What is plantar fasciitis?
Plantar fasciitis (say "PLAN-ter fash-ee-EYE-tus") is pain in your heel or the bottom of your foot. It happens when the flat band of tissue (ligament) that supports the arch of your foot is inflamed or irritated.
Plantar fasciitis is common in middle-aged people. It also occurs in younger people who are on their feet a lot, like athletes or soldiers. It can happen in one foot or both feet.
What are the symptoms of plantar fasciitis?
The main symptom of plantar fasciitis is heel pain when you take your first steps after you get out of bed or after you sit for a long time. It gets better after a few steps but gets worse as the day goes on. You may also have:
- Pain that gets worse when you climb stairs or stand on your toes.
- Pain after you stand for long periods.
- Pain at the start of exercise. It gets better or goes away as exercise continues, but it comes back when exercise is done.
Plantar fasciitis may be mistaken for other conditions with similar symptoms, such as a stress fracture or a nerve problem such as tarsal tunnel syndrome.
Plantar Fascia: Bottom View
The plantar fascia is a ligament attached to the heel bone (calcaneus) that divides and fans out to attach at the base of the toes.
How is plantar fasciitis diagnosed?
To diagnose plantar fasciitis, your doctor will ask questions about:
- Your past health. This includes what illnesses or injuries you've had.
- Your symptoms. Examples are where the pain is and at what time of day your foot hurts most.
- How active you are.
- What types of physical activity you do.
If you are an athlete, your doctor may look for other problems. These may include issues with how your feet strike the ground, how your feet are shaped, or your training routine.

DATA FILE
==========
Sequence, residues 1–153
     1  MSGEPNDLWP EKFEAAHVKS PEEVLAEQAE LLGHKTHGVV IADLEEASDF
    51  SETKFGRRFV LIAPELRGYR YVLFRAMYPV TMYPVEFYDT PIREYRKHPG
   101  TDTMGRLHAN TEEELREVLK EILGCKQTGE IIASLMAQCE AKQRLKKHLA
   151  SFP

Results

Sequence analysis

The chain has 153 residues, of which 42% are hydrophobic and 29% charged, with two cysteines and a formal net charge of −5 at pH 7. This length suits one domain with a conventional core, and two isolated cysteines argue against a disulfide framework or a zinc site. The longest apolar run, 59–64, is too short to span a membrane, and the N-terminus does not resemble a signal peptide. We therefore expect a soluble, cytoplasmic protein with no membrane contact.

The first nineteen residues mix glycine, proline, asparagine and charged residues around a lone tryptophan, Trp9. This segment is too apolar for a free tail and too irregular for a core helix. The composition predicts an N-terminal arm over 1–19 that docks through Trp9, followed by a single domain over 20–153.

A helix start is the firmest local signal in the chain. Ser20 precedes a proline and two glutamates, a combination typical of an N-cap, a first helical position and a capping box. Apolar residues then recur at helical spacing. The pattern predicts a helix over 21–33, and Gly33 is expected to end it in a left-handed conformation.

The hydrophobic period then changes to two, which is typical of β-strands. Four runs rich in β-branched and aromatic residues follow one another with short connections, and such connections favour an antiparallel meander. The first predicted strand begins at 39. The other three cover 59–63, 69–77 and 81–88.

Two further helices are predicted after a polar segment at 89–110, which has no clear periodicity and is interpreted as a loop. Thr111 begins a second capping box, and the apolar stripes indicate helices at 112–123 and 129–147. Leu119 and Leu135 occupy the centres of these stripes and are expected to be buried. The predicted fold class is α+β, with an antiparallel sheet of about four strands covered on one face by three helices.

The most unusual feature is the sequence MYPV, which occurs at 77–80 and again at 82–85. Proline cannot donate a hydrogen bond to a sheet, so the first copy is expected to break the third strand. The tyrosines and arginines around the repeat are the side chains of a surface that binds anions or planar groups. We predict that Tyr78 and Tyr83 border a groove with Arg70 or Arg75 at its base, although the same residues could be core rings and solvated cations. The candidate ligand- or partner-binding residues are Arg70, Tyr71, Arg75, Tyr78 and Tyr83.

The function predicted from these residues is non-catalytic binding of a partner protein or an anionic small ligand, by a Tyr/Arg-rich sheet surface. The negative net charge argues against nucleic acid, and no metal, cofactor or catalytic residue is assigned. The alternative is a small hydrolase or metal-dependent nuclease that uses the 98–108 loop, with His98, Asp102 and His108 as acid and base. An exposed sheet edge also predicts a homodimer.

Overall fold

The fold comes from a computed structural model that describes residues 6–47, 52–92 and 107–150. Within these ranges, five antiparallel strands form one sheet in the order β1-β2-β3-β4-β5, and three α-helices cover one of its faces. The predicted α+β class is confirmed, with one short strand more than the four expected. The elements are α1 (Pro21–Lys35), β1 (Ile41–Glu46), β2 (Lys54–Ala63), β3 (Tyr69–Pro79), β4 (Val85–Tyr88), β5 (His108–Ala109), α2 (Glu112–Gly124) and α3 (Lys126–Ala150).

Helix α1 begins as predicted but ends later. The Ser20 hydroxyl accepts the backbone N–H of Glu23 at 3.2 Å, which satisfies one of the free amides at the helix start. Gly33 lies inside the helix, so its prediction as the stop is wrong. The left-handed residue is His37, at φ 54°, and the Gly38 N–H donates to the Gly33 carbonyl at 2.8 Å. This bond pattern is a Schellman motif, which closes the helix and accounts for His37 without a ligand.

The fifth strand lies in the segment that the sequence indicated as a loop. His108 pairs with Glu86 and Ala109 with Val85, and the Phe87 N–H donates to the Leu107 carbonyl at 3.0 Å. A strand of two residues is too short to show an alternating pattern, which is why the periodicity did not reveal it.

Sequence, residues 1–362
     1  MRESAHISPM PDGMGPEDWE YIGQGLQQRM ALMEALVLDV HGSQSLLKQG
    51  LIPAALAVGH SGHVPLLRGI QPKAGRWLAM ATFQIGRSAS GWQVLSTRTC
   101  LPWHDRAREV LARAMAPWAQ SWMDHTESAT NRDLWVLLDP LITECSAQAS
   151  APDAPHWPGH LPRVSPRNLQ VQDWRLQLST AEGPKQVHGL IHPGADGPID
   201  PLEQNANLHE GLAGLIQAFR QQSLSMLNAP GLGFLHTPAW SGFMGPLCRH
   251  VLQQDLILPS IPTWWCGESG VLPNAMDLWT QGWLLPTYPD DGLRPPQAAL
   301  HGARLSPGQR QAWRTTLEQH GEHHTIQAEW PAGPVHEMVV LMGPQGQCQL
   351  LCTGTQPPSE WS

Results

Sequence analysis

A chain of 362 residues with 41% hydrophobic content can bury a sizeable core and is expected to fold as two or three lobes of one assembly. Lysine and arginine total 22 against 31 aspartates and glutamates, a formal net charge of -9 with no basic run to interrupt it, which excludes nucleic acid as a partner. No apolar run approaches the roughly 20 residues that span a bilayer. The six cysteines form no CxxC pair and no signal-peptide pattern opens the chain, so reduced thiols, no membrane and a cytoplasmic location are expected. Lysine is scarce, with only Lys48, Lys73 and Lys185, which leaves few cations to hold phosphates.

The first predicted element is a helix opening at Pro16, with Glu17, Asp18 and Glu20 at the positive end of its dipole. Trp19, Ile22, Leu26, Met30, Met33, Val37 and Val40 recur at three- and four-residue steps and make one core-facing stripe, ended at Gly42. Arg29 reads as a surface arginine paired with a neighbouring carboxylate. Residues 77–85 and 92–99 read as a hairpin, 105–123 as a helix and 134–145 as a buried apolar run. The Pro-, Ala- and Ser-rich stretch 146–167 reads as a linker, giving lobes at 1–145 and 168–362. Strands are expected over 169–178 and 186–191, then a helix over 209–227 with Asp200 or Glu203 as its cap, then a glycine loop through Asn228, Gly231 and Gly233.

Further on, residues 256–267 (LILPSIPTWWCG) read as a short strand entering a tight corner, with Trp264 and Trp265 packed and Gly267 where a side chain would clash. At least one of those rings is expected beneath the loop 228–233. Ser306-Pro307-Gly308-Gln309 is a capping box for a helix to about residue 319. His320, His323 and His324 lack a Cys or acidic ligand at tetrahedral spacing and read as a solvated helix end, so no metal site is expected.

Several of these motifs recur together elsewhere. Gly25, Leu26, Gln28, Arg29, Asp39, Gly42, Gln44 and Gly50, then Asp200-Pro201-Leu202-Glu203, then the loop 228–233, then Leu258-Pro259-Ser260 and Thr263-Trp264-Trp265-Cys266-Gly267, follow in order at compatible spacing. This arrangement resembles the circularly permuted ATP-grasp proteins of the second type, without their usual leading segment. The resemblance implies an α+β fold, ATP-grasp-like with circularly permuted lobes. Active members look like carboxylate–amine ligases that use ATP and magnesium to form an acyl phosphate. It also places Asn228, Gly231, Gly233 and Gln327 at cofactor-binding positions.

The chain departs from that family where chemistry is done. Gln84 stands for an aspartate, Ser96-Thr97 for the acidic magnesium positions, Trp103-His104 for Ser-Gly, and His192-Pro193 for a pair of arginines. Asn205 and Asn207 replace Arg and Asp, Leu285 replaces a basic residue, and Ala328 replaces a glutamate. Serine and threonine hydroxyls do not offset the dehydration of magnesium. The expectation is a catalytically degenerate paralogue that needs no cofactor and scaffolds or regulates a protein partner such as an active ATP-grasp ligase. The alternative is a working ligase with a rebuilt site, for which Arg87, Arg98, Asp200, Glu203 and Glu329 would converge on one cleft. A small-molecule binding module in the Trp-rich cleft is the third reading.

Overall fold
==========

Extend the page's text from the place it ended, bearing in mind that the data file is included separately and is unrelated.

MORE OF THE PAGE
X-rays aren't helpful in diagnosing plantar fasciitis because they don't show ligaments clearly. But you might get X-rays if your doctor suspects a stress fracture, a bone spur, or some other foot or ankle bone problem.
How is plantar fasciitis treated?
No single treatment works best for everyone with plantar fasciitis. But there are many things you can try to help your foot get better.
- Give your feet a rest. Cut back on activities that make your foot hurt. Try not to walk or run on hard surfaces.
- To reduce pain, try putting ice on your heel. Or take an over-the-counter pain reliever.
- Do toe stretches, calf stretches, and towel stretches several times a day, especially when you first get up.
- Get a new pair of shoes. Pick shoes with good arch support and a cushioned sole. Or try heel cups or shoe inserts (orthotics). Use them in both shoes, even if only one foot hurts.
If these treatments don't help, your doctor may recommend splints that you wear at night, shots of medicine (such as a steroid) in your heel, surgery, or other treatments.
Copyrighted material adapted with permission from Healthwise, Incorporated. This information does not replace the advice of a doctor.